General Motors' global review of its Chevrolet creative business has been under way for a month now, acccording to a company representative today.
The rep added that GM expects to complete the review, which surfaced only Thursday, by year's end. Omnicom Group, Interpublic Group, Publicis Groupe, and Cheil Worldwide are putting forth proposals to handle the creative business.
Agencies from some of those holding companies already work on the brand, and therefore have a fair amount of skin in the game. In the U.S., for example, Chevy's lead agency is Omnicom's Goodby, Silverstein & Partners, and in Latin America, India and China, it's Interpublic's McCann Erickson. Cheil, known primarily for its work on Samsung, does not handle any GM business.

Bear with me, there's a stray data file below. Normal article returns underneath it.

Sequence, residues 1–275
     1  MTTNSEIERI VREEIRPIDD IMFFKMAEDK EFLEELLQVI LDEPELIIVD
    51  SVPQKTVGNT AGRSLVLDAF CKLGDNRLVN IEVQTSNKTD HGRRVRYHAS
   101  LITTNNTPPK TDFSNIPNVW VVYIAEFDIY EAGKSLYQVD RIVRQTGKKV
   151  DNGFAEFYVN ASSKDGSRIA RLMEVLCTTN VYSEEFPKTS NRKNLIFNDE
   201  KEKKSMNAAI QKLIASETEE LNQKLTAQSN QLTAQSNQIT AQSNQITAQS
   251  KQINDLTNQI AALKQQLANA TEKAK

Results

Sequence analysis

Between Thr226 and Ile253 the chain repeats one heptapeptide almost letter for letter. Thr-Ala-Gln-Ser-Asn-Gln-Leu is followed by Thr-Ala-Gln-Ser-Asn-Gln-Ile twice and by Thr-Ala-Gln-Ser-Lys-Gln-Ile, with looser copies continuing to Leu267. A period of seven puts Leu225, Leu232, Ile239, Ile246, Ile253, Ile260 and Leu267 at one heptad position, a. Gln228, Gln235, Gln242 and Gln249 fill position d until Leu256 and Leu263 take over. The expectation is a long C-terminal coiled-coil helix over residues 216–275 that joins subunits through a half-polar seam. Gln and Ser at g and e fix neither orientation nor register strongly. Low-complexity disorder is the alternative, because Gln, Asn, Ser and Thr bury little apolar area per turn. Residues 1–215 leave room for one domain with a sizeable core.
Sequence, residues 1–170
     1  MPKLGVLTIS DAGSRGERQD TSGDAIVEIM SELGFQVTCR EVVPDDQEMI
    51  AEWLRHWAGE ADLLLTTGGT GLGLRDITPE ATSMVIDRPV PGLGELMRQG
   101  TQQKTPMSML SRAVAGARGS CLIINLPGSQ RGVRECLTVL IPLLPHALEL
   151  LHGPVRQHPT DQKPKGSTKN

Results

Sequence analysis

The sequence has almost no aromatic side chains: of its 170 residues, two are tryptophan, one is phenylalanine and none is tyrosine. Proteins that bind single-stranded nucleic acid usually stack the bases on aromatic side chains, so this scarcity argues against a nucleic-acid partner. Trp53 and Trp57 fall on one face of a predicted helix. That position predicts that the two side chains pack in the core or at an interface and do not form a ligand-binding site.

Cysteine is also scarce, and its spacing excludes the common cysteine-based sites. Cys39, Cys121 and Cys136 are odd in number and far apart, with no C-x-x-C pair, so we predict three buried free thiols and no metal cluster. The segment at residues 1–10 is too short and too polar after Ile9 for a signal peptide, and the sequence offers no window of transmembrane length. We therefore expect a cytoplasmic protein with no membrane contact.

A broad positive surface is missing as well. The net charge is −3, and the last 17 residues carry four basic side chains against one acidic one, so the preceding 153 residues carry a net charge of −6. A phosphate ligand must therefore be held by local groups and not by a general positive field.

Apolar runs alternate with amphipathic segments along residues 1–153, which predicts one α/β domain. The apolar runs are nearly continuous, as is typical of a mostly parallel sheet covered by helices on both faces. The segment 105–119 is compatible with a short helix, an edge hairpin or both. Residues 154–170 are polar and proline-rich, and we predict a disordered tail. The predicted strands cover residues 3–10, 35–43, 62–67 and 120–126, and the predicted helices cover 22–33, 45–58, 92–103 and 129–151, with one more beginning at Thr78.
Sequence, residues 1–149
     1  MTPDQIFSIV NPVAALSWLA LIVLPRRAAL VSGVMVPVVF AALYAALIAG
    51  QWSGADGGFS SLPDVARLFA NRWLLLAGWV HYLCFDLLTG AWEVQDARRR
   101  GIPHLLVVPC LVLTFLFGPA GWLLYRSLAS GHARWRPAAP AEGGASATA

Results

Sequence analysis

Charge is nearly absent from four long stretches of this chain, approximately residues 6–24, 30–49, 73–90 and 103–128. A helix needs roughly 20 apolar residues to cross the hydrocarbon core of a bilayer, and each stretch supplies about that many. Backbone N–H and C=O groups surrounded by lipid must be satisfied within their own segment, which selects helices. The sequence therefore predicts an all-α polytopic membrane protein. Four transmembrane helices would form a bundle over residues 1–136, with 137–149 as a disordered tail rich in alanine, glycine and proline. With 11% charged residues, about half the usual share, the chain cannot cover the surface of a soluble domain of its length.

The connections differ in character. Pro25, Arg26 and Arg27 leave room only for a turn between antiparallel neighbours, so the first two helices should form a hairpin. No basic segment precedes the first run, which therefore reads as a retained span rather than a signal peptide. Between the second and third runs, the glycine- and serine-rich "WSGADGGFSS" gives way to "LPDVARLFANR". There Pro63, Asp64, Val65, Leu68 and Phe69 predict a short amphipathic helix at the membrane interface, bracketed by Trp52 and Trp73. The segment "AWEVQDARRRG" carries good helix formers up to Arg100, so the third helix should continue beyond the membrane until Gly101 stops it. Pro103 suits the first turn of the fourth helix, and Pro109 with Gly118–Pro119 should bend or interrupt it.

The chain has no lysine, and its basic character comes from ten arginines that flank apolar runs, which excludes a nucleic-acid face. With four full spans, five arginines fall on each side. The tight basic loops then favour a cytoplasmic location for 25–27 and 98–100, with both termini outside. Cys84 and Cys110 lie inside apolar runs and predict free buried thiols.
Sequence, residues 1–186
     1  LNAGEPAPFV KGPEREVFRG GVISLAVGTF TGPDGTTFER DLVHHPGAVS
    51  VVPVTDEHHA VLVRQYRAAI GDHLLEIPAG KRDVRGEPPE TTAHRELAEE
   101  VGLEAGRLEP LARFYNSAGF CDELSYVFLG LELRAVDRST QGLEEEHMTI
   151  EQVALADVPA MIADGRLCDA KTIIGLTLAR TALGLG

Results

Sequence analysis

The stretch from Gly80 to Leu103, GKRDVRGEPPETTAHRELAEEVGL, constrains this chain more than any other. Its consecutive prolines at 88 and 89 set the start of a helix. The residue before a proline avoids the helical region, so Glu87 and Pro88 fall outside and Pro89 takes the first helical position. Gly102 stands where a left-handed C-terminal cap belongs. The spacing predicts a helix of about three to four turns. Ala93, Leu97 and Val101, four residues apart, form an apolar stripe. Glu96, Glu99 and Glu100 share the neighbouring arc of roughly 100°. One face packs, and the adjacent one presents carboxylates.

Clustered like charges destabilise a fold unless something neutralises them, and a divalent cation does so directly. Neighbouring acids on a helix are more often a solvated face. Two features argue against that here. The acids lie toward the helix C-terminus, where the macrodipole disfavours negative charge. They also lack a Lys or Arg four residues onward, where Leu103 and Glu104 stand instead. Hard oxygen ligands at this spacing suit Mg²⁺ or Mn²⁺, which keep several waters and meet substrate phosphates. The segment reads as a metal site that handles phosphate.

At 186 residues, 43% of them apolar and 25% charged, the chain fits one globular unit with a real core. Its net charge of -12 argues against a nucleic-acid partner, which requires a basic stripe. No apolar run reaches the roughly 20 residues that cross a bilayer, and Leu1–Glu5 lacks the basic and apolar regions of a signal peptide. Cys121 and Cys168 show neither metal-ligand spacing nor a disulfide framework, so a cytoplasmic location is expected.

The stakes in the contest are incredibly high, given that Chevy is GM's largest brand. Last year, GM sold more than 4.2 million Chevys, compared to 1.2 million units of Opel/Vauxhall, the company's next biggest seller.
Chevy's top three markets are the U.S., Brazil, and China.
Worldwide revenue on the business could not be ascertained. In the U.S. alone, however, account revenue is estimated at more than $50 million and media spending typically exceeds $650 million annually.
The goal of the review is to operate more efficiently and effectively, according to the GM rep. Indeed, when any brand employs multiple agencies on the same brand—even in different markets—it can be expensive and difficult to manage.
The Chevy contest comes amid GM's review of its global media planning and buying business, and feels like the more deliberate and process-driven GM of yore than the new GM, as personified by global marketing chief Joel Ewanick. Last year Ewanick shifted its U.S. creative assignments on Chevy and Cadillac without reviews.
The latest reviews may mark a return to form.